Porter's stories strip away the conventions of fiction

May 12, 1991|By Jaimy Gordon


Joe Ashby Porter.

Johns Hopkins University.

144 pages. $26;

$10.95 paperback.

Ever since his luminous and sly island romance "Felgrass" appeared from New Directions in 1977, Joe Ashby Porter has been a writer's writer -- that is, a writer admired by other writers and almost unknown to the general reader. Mr. Porter is a Shakespeare scholar as well as a creative artist, and "Felgrass" grafted "The Tempest" and "A Midsummer Night's Dream" onto the Edenic first days of druggy youth culture in America.

In 1983 Mr. Porter's first collection, "The Kentucky Stories," came out from Johns Hopkins University Press and was a succes d'estime: one tale, "The Vacation," a wry and perfectly wrought parable of the artist's vocation, made its way into Best American Short Stories.

Now Johns Hopkins, which has been publishing some of the most readably innovative fiction on the contemporary scene, has brought out Mr. Porter's second book of stories, the somewhat ** more inscrutable "Lithuania" -- so-called because (so runs the author's epigraph):

"A. It is a country and no country. With only the briefest recognition years ago, it nevertheless persists in minds, and even maintains legations. Its stony name bears the trace of an element used to treat some manias."

This riddle of a definition, with its seductively sham etymology, is a small Joe Ashby Porter fiction in itself. Enigmatic, detached, it nevertheless invests a country and "persists in minds." Except as one transplanted nationality among many, Lithuania means nothing inside of Lithuania; the name, for all its exotic sonority, simply floats above the book. But a peculiar entanglement of venues (an American in Tunis, a Tunisian in Quebec, a North Dakotan in Seattle, a Sicilian in Baltimore) also is characteristic of Lithuania and creates a mood half cosmopolitan, half displaced, for the entire collection.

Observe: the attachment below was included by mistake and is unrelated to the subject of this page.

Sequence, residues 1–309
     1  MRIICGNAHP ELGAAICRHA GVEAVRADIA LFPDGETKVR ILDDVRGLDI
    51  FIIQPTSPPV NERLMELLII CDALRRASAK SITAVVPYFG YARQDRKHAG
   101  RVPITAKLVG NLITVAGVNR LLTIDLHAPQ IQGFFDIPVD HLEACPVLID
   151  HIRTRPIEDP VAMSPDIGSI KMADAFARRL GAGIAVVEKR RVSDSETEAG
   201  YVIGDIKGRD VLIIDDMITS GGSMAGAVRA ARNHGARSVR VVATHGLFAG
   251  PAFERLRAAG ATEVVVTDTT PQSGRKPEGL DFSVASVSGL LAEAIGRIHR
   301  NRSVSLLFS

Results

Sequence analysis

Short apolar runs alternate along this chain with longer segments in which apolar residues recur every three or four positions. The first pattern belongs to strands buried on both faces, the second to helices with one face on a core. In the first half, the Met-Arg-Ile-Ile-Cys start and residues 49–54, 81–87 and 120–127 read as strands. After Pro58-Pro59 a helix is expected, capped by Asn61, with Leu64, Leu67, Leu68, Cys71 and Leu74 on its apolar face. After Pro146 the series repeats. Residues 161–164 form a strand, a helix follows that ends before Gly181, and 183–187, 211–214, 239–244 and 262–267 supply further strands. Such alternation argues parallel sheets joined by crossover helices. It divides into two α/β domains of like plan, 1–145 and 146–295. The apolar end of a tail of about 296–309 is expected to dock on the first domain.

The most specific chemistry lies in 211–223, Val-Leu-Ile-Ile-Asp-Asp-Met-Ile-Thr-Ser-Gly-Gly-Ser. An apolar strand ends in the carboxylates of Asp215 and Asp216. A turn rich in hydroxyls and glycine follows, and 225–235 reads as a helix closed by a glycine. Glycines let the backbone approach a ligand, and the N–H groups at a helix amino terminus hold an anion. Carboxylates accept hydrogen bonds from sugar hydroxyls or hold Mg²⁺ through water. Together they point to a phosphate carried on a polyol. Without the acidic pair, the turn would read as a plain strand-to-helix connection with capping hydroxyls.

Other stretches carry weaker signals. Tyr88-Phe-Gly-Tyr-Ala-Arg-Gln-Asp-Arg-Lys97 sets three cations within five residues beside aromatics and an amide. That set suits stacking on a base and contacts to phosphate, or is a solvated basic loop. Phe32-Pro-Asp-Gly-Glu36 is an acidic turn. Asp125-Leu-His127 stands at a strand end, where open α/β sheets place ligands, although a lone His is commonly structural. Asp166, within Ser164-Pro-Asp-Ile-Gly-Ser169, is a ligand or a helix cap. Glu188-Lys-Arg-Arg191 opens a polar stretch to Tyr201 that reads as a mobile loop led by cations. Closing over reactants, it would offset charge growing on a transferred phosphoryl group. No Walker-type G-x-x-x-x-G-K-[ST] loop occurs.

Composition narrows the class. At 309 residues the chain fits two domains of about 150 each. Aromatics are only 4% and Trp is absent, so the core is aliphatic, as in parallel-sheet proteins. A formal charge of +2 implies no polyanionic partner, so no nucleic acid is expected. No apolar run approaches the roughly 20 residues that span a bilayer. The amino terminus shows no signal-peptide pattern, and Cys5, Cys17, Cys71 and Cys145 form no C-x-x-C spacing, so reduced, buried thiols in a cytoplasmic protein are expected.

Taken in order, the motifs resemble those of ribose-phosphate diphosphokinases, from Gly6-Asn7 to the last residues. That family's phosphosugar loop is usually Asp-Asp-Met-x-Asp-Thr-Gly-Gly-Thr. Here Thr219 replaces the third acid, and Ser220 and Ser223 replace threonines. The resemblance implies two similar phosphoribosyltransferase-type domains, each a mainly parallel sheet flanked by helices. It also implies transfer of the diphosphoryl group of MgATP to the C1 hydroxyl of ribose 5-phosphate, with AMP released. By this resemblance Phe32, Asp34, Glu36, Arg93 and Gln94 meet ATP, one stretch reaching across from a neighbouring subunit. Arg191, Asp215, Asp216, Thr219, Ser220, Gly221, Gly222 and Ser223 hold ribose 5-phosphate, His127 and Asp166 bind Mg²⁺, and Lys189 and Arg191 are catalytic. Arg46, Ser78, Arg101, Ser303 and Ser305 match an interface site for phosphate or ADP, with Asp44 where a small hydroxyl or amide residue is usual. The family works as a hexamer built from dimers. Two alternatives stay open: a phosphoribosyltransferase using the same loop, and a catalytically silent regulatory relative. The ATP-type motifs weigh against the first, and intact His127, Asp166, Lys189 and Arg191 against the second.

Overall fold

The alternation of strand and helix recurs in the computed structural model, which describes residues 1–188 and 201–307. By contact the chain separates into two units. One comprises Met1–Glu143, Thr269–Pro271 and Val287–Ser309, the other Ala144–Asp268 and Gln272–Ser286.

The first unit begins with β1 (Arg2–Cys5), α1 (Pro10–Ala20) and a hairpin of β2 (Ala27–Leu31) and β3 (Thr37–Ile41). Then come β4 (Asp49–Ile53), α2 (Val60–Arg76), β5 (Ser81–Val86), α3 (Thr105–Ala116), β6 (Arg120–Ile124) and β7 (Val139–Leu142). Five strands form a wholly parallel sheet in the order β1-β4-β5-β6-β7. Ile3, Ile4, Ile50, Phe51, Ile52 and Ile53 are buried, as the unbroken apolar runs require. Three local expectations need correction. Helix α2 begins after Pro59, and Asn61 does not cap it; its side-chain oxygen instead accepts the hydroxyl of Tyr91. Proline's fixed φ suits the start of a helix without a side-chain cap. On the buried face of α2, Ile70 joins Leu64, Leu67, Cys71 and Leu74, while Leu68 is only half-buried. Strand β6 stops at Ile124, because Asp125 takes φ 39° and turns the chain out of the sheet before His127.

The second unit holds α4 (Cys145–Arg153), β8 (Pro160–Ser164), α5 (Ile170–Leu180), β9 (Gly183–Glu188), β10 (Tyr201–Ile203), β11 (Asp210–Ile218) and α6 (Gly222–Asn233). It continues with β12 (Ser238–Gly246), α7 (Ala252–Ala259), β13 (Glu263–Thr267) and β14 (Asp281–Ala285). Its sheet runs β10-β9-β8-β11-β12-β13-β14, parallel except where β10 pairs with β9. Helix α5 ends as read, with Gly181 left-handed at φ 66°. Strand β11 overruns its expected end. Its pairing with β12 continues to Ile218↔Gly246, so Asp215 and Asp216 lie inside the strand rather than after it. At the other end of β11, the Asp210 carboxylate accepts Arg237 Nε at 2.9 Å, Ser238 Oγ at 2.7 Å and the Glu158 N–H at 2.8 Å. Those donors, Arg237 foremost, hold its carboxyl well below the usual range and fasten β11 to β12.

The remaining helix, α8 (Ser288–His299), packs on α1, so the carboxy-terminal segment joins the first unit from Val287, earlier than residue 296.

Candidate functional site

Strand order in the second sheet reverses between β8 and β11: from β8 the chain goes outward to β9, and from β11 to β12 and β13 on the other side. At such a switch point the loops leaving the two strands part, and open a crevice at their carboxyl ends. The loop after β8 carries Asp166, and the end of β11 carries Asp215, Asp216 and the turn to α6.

The surface temperature of Joe Ashby Porter's stories is cool, the language queerly unvisceral, as if the author took pains above all to maintain a safe distance between the glassy surface of his stories and the dark turbine of mania down at their bottoms. As Mr. Porter's riddle of an epigraph ends in the query "Q. What is Lithuania?", so each piece in this volume raises the question: How is this a story? For each demonstrates that certain conventions -- certain cheap thrills of story -- can be stripped away and still the truth of fiction hauls us up in its net.

Mr. Porter likes to substitute the hazards of juxtaposition -- whatever happens in the single unifying plane of the story, its Lithuania, its locale -- for the conventions of plot. Sometimes, like "Gertrude Stein's Three Lives," his stories imitate life with their very flatness, with their incessant, unresolved mutter of gossip, anecdote, background noise, unrelieved by a climactic incident. Especially "West Baltimore" and "Hillcrest Days" collect all the banal, garbled, fragmentary and sad stories of transient neighborhoods and rundown apartment buildings and filter them through the points of view of unpropertied people. In "West Baltimore" Mr. Porter, who lived in Baltimore in the late '70s, offers a relentlessly faithful portrait of a marginal but cheerful Baltimorean who would be mute and languageless apart from the shabby streets and row houses of the 20 or so blocks where she has spent her life.

"Roof Work" and "Basse Ville" concern more predictably endearing people, an eccentric aging couple of Quebec City. The two pieces tell, separately and piecemeal, the wife's and the husband's stories, always as these stories (under the heading "Thinking Machines") show how the power of narrative is so deeply embedded in its medium that even stories driven by mechanisms irrelevant to fiction can cohere.

In "Duckwalking," for instance, story triumphs over such arbitrary and cacophonous formulas as a preference for clipped guttural syllables that pass through the letter "a" to get to the letters "c" or "k," and a barrage of reduplicative two-syllable words like Cow-cow, wah-wah, din-din, gaga, ack-ack, Wigwag and rickrack.

All these stories will make your brain work -- not everyone's idea of a good time, but fresh, intelligent, even compelling reading if you are trying to understand the nature of fiction.

Ms. Gordon's last novel was "She Drove Without Stopping."

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